How Big Are Road Bike Tires?
When was the last time you replaced your toothbrush? I don’t remember either, but have you noticed how new toothbrushes get soft and lose their strength eventually?
The same thing happens with tires. Well, kind of.
After a while, bike tires get worn out and lose their grip, especially if you’re like me and go everywhere on your bike, so they just don’t work the same as they used to.
So, just as your toothbrush needs replacing regularly, you need to do the same with your road bike tires. When the time comes to change my bike tires, I like to shop around and consider other tires that may have different characteristics that suit my needs.
To do this though, you need to know how big are your road bike tires? Which type of tire should you use? and how do you know when it’s time to change them?
In a nutshell, a road bike tire is usually 700mm in diameter and 25mm in width on average. Tire size and widths vary with the type of bike so there is a selection of different tires to fit your needs on a road bike.
In truth, there are many options on the market for tires, so you need to know exactly what you’re looking for and what would fit your current bike.
When To Change Your Tires
The general saying is that you should swap out your tires after around 1,000-3,000 miles of cycling or more if they’re high-end.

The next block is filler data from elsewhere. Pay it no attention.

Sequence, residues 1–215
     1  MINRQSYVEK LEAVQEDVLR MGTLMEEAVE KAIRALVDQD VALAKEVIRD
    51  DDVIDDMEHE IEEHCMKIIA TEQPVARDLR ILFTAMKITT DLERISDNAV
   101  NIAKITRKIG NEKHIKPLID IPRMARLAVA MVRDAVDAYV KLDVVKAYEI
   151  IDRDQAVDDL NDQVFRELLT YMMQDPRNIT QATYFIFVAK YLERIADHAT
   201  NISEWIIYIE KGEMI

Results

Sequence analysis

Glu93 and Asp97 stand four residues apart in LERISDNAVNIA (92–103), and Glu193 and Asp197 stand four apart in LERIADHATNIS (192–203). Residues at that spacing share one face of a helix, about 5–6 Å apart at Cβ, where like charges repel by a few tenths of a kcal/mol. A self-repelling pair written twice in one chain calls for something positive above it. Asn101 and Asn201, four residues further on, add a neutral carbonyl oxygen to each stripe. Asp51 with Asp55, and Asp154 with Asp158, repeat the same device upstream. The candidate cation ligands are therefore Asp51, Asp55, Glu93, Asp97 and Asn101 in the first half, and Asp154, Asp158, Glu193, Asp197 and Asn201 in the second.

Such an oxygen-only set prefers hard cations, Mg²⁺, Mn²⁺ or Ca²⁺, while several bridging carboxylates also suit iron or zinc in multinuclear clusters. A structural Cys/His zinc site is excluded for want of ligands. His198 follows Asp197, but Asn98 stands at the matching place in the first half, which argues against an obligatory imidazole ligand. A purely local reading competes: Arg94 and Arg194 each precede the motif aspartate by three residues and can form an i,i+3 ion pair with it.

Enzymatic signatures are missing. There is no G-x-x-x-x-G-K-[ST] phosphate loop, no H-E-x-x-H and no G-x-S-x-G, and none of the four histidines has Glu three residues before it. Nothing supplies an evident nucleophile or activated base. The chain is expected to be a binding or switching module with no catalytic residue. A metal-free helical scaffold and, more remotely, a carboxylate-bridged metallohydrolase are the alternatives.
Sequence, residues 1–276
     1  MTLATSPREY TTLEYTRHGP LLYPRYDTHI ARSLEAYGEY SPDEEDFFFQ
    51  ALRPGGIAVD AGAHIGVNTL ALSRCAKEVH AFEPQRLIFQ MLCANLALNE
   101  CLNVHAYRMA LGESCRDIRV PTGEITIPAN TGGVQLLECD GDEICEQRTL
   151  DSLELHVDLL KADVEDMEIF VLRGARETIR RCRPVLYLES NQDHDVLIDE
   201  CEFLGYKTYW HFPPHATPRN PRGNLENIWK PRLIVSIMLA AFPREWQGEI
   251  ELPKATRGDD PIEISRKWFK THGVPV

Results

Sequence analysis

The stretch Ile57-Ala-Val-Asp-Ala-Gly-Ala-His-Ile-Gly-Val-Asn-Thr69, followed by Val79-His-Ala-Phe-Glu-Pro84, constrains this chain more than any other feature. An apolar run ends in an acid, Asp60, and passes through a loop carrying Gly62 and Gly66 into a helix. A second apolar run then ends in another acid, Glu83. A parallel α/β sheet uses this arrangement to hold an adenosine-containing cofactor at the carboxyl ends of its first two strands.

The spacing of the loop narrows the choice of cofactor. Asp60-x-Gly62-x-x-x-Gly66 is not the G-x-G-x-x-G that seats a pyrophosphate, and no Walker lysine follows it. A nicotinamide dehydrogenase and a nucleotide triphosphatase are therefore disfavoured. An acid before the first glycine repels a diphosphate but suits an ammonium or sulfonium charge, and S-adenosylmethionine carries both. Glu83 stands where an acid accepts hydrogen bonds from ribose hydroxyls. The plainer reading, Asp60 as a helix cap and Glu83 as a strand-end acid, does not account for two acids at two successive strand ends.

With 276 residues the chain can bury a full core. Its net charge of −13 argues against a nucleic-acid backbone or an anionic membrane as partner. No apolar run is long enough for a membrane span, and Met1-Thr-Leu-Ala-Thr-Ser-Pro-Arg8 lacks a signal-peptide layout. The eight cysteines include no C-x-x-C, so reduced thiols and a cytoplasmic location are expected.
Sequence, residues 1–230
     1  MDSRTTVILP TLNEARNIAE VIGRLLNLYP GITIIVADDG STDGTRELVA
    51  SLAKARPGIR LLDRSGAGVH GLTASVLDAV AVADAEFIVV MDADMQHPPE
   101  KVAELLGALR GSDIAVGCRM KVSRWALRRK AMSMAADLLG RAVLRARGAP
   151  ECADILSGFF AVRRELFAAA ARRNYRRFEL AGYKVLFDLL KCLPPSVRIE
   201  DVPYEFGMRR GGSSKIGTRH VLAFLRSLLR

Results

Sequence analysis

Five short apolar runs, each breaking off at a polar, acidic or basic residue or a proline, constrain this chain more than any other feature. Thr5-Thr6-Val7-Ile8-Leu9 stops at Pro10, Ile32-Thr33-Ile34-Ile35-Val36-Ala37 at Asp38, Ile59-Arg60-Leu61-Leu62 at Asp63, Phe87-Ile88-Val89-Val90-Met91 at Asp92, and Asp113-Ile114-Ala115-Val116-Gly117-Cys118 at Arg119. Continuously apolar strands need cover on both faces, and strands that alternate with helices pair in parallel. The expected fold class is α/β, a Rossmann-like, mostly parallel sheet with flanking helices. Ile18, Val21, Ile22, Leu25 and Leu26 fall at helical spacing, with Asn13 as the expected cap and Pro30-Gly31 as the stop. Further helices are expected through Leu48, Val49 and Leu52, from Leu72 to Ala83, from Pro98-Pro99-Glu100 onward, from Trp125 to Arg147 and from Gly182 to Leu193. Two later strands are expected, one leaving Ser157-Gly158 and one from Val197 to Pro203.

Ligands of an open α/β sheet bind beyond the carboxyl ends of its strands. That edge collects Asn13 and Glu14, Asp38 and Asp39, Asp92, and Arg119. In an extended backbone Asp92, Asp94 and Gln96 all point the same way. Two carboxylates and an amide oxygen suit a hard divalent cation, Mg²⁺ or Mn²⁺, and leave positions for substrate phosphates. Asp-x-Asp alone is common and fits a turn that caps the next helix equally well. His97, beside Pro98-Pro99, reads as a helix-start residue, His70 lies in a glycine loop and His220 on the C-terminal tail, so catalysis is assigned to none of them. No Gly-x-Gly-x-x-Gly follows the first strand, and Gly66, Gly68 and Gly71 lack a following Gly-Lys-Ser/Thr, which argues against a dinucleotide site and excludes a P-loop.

But who keeps track of how many miles they’ve cycled anyway? I always forget, luckily there are a few tell-tale signs on your bike that may mean it’s time to change those tires.
If your bike has wear indicators, usually one or two dimples on the tire, this will be easy as all you have to do is see if they’re still deep dimples or if they’ve become smooth.
You may be able to notice some general damage, such as small cuts or slivers of glass accumulated over time or if you’re getting flat tires often. You may also see rubber cracks or flakes off knobs/sidewalls.
Another indication could be an uneven or round tire tread, or a tread pattern starts appearing on the tire sidewall. Some tires have small slits called siping and this can disappear in worn tires.
In tires that are more worn, you might get a sense that the bike handling is significantly worse, or even that there is some distortion in the tire from damaged casing under the outer wall.
It’s a good idea to check your tires regularly for any of these signs so that as soon as they come up you can get a fresh set of tires in.
How To Tell What Size Bike Tire You Have
Some things about bikes can be pretty complicated, but finding out what size your tires are isn’t one of them. All you have to do is check your tire’s sidewall.